If those are "single slip" connections to the collectors, you'll likely always be challenged in getting them to seal. You need double slip connections and even then they sometimes leak enough to cause O2 sensor misreading. I've been surprised on one of my cars on how challenging it is to keep the outside air from sneaking into the exhaust and causing the EFI to run rich. I'm in the process of moving the O2 sensor upstream now as I just can't stop a V band connection from leaking air in.
Thanks for the feedback. I had a feeling that the leakage would be a general issue with other builders. I had them sealed and then tested them again a few days later and they leaked just slightly. I think stabilizing all the pipes with the tabs and sealing them should do the trick. We will see. I'll keep you posted.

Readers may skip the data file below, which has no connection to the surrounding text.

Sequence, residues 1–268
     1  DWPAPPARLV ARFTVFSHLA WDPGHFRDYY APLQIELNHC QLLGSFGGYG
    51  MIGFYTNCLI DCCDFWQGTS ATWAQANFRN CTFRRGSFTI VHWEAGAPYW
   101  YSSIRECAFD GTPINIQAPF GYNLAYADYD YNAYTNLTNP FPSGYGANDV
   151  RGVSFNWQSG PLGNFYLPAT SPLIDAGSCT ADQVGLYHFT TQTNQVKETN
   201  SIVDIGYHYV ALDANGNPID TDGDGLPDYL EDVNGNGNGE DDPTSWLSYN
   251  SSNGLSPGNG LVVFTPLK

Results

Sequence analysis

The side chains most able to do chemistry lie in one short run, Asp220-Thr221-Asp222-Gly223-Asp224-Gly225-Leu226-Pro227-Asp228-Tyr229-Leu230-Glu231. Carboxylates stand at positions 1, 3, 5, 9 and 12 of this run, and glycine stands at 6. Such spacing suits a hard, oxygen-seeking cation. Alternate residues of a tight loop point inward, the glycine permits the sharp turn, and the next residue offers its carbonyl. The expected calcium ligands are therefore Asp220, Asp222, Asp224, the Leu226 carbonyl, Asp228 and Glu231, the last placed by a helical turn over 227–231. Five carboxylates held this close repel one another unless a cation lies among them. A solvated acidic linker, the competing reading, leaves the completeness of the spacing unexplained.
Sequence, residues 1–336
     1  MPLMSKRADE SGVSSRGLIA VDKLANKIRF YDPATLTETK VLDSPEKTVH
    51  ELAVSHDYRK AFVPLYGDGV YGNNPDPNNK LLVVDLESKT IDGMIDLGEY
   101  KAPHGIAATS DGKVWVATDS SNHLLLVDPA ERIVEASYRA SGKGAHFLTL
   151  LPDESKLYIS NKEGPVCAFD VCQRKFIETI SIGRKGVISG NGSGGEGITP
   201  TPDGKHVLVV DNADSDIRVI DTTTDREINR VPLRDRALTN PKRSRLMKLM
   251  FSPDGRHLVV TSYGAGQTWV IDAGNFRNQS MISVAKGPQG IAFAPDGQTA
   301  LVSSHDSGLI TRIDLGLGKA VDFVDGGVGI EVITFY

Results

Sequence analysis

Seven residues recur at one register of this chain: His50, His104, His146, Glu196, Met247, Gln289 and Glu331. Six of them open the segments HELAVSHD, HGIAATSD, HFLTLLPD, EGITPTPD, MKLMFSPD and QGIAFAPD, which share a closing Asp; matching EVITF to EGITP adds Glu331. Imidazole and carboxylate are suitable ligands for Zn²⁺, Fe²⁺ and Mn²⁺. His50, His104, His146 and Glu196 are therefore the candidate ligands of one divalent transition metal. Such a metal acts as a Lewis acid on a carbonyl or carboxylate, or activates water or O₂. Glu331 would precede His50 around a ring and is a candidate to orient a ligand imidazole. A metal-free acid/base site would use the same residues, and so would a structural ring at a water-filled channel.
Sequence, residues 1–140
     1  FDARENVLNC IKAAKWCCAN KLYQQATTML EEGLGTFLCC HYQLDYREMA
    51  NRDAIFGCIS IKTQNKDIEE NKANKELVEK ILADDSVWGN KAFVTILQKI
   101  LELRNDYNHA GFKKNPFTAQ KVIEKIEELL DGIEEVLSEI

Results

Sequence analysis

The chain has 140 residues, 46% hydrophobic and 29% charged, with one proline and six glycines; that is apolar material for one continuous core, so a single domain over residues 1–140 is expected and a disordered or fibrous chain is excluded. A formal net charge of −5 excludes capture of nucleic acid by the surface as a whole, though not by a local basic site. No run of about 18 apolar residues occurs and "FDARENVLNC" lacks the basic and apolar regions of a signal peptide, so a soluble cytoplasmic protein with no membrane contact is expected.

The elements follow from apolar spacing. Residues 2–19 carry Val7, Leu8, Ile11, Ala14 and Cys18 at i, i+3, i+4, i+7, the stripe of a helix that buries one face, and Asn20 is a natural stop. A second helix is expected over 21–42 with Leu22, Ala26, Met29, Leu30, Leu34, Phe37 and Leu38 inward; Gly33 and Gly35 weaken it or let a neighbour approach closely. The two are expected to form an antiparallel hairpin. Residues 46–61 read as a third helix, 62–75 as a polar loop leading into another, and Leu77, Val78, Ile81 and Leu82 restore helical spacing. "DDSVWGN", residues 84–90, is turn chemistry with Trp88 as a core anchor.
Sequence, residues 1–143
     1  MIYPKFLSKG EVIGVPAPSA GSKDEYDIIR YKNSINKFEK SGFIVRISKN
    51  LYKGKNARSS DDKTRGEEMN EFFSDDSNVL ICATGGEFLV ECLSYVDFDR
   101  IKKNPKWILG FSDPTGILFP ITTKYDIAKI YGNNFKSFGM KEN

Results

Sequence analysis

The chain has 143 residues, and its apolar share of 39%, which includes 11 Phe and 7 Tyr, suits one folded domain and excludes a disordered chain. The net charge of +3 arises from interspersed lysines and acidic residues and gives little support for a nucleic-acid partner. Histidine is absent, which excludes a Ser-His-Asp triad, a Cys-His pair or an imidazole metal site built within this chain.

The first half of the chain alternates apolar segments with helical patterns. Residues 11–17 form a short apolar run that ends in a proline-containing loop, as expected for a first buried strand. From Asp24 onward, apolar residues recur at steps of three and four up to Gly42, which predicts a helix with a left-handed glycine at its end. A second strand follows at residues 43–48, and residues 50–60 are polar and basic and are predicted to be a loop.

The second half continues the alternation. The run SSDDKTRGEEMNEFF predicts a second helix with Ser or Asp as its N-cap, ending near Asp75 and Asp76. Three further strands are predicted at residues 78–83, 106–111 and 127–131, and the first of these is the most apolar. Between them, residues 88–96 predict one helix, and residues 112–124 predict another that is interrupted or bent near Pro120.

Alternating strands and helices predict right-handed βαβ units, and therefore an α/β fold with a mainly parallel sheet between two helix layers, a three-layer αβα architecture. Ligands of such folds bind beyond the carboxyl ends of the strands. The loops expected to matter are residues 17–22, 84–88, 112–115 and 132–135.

Ian Clark

Supporter
It's coming up on twenty years since we did our first 8 stack EFI system. This was before self learning software was available. However it was possible to manually adjust the tables to improve the tune and lock it in.

Tuning was real expensive back then, a lot of time on the rolling road dyno between road tests.

Fortunately self learning software has greatly simplified the tuning, although the mechanical aspects still have to be correct.

I have yet to see a completely sealed bundle of snakes exhaust system accomplished without welding up the complete system. Not a good idea from a heat expansion or serviceability point of view in the GT40 application.

Picture below shows where we relocated the EGO sensor to a front pipe to get away from the collector. It's probably the best and simplest solution for the GT40.

Cheers
Ian
 

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Vinny P

Supporter